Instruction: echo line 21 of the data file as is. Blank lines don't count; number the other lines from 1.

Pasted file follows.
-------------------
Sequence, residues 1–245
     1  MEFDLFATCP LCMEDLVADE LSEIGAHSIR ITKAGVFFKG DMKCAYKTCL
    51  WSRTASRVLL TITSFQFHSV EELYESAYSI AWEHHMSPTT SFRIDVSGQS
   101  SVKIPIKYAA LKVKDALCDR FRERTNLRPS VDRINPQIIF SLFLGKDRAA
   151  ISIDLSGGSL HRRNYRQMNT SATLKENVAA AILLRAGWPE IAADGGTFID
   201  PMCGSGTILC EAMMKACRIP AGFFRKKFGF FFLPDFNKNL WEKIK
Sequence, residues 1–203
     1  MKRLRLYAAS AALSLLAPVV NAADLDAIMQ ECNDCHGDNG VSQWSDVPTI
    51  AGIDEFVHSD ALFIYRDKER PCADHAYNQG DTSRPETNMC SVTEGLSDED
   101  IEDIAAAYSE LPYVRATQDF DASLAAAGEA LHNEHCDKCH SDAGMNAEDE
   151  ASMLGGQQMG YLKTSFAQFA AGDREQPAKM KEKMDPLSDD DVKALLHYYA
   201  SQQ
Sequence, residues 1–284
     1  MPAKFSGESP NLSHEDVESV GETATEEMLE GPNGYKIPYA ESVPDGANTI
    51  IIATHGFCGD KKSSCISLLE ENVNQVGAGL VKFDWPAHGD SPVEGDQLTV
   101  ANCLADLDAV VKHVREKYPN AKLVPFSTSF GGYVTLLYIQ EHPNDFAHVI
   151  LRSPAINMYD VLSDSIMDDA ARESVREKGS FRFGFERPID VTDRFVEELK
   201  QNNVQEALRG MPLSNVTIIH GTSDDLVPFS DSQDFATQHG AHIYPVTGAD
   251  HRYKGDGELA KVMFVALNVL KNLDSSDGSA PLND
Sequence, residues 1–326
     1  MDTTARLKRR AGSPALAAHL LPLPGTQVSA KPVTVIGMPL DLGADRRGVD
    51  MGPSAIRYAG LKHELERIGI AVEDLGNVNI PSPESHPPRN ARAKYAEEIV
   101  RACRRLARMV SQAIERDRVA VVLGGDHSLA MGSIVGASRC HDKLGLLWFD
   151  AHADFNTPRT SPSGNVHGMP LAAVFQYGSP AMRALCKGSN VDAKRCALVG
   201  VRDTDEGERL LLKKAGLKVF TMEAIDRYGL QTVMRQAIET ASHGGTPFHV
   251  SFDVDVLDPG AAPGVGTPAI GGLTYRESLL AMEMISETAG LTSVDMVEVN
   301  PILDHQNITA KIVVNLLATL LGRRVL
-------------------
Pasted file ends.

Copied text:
     1  MDTTARLKRR AGSPALAAHL LPLPGTQVSA KPVTVIGMPL DLGADRRGVD